by Daniel Cubias
It’s good to be bi.
Wait, let’s try that intro again. You’ll have to forgive me. I’m not sufficiently bilingual to be dazzling all the time and avoid slip-ups, malapropisms, and brain freezes. In fact, if I spoke Spanish better, I would be a lot more confident of fighting off Alzheimer’s as I get older.
At least that’s the conclusion of “neuroscience researchers [who] are increasingly coming to a consensus that bilingualism has many positive consequences for the brain.”
Yes, scientists now think that speaking more than one language helps people become better multi-taskers, prioritize information more effectively, ignore distractions more easily, and ward off early symptoms of dementia as they age.
The reason is because, in the bilingual person’s brain, the “constant back-and-forth between two linguistic systems” adds up to a regular “mental workout that enhances the brain’s executive-control functions.”
It’s the same reason why people who do a lot of sit-ups are more likely to have six-pack abs. Basically, they exercise more.
The researchers are quick to point out that bilingual people don’t necessarily learn any better or faster than people who get by on just one language. But being fluent in multiple tongues “does keep the brain more nimble,” and the effects last for an entire lifetime.
It’s interesting, of course, that teaching kids to think in two languages has scientifically validated benefits. But of course, bilingual education is about as popular in America as Glen Beck is at a La Raza meeting.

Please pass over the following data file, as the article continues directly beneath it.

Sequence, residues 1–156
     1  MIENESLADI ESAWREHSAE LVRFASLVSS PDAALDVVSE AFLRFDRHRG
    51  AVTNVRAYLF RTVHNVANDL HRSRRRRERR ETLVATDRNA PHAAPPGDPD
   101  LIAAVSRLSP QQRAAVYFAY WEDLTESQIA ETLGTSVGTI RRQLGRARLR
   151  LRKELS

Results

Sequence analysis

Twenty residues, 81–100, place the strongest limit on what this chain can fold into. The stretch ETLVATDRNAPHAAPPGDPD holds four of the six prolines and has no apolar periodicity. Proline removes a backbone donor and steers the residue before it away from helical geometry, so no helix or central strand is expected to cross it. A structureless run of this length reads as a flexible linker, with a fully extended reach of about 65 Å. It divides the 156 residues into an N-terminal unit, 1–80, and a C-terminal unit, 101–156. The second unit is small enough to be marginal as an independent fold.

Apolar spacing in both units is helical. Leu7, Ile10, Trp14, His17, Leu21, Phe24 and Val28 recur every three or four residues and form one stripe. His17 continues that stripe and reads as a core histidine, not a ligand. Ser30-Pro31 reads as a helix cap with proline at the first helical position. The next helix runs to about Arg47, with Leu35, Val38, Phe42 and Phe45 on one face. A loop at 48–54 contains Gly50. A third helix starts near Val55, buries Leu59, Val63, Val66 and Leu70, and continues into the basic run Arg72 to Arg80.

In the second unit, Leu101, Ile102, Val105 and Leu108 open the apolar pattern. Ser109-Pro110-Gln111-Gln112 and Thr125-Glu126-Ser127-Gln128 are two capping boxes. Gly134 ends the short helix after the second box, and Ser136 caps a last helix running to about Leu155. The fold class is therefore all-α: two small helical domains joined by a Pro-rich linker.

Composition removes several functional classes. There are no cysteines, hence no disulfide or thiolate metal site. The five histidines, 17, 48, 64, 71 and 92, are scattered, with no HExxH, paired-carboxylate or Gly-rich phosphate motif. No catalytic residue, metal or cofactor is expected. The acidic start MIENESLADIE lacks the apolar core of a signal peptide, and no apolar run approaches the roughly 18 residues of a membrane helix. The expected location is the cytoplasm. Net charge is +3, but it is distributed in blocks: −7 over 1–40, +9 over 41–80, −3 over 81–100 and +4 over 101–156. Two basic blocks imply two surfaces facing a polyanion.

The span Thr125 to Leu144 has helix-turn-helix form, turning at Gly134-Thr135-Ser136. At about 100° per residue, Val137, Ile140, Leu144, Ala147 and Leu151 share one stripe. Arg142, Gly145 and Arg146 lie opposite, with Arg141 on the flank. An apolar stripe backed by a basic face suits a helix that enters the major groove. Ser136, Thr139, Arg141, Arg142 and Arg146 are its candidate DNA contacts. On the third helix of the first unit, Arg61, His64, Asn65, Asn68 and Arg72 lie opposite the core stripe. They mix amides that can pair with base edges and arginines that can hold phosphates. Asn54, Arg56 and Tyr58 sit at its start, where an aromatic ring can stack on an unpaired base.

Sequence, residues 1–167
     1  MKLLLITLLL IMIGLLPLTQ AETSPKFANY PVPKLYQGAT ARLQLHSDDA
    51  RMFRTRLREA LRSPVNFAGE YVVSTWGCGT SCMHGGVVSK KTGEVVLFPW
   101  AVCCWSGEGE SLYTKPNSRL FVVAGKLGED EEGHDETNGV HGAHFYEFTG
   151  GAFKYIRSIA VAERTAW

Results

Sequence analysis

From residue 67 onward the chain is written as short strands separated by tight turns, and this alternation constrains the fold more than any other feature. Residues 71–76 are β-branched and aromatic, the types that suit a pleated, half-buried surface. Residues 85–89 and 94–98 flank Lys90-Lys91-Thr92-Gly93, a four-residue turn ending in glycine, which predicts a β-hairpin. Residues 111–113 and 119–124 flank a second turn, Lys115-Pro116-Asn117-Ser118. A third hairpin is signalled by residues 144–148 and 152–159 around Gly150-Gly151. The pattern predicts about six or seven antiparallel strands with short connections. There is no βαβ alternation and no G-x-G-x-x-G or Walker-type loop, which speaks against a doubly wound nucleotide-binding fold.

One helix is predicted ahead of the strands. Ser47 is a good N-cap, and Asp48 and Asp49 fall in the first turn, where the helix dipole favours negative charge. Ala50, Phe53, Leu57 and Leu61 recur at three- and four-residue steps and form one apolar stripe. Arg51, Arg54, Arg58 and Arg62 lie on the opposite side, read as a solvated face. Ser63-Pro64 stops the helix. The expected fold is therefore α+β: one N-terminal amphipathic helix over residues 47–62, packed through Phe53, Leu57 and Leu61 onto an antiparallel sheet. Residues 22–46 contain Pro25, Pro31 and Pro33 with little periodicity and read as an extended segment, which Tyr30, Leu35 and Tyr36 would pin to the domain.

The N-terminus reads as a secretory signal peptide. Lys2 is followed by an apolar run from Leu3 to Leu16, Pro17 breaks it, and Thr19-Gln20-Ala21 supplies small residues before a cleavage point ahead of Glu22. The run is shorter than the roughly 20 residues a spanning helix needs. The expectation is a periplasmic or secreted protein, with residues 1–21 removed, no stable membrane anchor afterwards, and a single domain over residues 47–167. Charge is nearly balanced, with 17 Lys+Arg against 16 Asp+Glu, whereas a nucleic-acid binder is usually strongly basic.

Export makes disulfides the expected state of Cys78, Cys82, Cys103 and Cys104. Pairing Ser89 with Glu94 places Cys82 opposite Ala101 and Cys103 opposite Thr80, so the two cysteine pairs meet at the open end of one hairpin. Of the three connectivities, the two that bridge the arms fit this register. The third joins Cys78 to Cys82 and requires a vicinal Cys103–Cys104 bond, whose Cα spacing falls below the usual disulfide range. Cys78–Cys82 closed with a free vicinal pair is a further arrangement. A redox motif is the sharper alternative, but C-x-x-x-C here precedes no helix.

Public schools are cutting back on bilingual education, and have been for a long time, in the belief that the children of immigrants learn English better when immersed in the new language all at once. There is some evidence for this viewpoint.
However, it’s also undeniable that political considerations have been the driving force in eliminating bilingual education. Too many Americans just don’t want to hear any other language, especially Spanish, at any time. And they certainly don’t want impressionable young children exposed to it.
The irony is that one of the best things we can do for American kids, in theory at least, is introduce them to languages other than English. As such, perhaps ending the political gamesmanship — where one side wins and the other loses — is the best way to approach bilingual education. Maybe we can rework it for the modern world, reshape it into something that benefits all children.
You know what I’m saying? Sorry, let me rephrase that.
To learn more about Daniel, visit Hispanic Fanatic.
Disclaimer: The views and opinions expressed in this article are solely those
of the author and should not be understood to be shared by Being Latino, Inc.